Biological structures have evolved in ways that avoid these stresses by distributing the load amongst smaller components within a heterarchy; if they didn’t, they are likely to collapse through material fatigue and that would be the end of them. For example, increasing tension in the extra-cellular matrix causes integrins within associated cell membranes to cluster in ‘focal adhesions’ and distribute the stresses amongst them;Vogel and in bone, a coupled deformation mechanism between collagen and mineral apatite effectively redistributes the strain energy and protects against micro-fractures.Gupta
The separation of tension and compression into different components allows material properties to be optimized, a result of natural physical processes and evolution, and a significant reduction in mass is achieved in a heterarchical biotensegrity arrangement. In the natural world the most energy-efficient system will always win out, which so far makes tensegrity the most likely candidate in structural evolution. Although biological compression struts can appear to make direct contact with each other at some particular level in the heterarchy, when looked at on a smaller scale they are clearly separate, it is just that the detail of the biotensegrity configuration is not recognized in the first instance; and the knee, elbow and cranial sutures etc are all examples of this. This reasoning goes some way to clarifying Fullers’ assertion that: “everything, properly understood, is a tensegrity structure” and the controversy that followed, which also illustrates the point in biology.Fuller sec 794.00
GEODESIC DOME OR TENSEGRITY
The shape of a geodesic dome is based on the icosahedron, a shape that encloses the largest volume within a given surface area of any regular structure apart from a sphere; subdividing each of its triangular faces into smaller triangles produces a higher order, or frequency (1st,2nd and 4th shown here). A sphere is the simplest of all shapes and any point on its surface is equidistant from the centre, just like the vertices of the icosahedron that it can surround; so a line drawn from the centre through each new vertex will project it onto the surface of that sphere. Each higher order of the icosahedron now gets closer to matching the sphere, and because each point is equidistant from all its neighbours, Fuller termed it the geodesic dome. Although the lines now appear to be curved, when looked at closely they are still lots of straight lines.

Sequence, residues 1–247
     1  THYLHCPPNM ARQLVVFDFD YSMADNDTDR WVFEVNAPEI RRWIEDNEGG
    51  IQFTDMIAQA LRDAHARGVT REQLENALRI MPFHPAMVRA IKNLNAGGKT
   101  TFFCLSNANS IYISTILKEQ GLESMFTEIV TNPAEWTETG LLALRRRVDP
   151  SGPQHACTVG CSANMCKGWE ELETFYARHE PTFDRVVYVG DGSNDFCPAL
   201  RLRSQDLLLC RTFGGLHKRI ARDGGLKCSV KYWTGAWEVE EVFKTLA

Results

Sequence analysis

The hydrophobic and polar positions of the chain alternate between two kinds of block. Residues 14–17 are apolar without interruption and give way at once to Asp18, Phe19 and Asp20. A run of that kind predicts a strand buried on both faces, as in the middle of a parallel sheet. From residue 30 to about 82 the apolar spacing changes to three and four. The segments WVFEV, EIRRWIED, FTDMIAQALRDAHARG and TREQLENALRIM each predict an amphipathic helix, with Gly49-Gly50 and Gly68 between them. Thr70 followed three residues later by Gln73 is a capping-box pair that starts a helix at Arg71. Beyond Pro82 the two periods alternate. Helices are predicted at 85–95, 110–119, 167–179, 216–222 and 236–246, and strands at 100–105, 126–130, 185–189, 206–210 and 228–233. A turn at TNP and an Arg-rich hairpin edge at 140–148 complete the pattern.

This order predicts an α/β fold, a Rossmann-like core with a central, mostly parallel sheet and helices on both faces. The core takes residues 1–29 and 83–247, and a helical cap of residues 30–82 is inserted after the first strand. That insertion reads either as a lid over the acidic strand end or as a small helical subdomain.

A geodesic dome remains stable because of its configuration of triangulated struts; it is ‘obviously’ not a tensegrity. However, if its constituent atoms and molecules are considered as such, as was described earlier, then it must be a tensegrity at the smaller scale but not at the larger – another of those apparent paradoxes with a difference that depends only on the perspective. Although this would literally mean that everything is a tensegrity, the important point that this example illustrates is that things can appear differently at each level in a heterarchy.
In the construction of a geodesic dome and tensegrity-icosahedron, each strut and/or cable could be made from a series of similar domes or tensegrities, themselves made from smaller shapes within a fractal-like heterarchy.Fuller sec.740.20; Levin The models show a geodesic dome with one strut replaced by a chain of T-icosa, and one with an enlarged vertex beside it. Because the geodesic dome and T-icosa can coexist within each other on the same and multiple levels, so the geodesic dome could become a tensegrity when looked at under a microscope, and the only thing to change would be the size scale. The same can be said for biological heterarchies such as the knee and elbow joints, where what appear to be simple hinges at the macro level are likely to be complex tensegrity configurations at multiple levels below this.
STRAIGHT OR CURVED STRUTS
One of the principles of geodesic geometry is that two points connect over the shortest path and in 3-dimensional Euclidean space this is always a straight line. However, this is just one of three geometries that describe 3-D space, the others being ‘spherical’ and ‘hyperbolic’.Terrones; Bowick Curves are common in biology and it is useful to make models with curved-struts that are compatible with this because they represent multiple levels of complexity.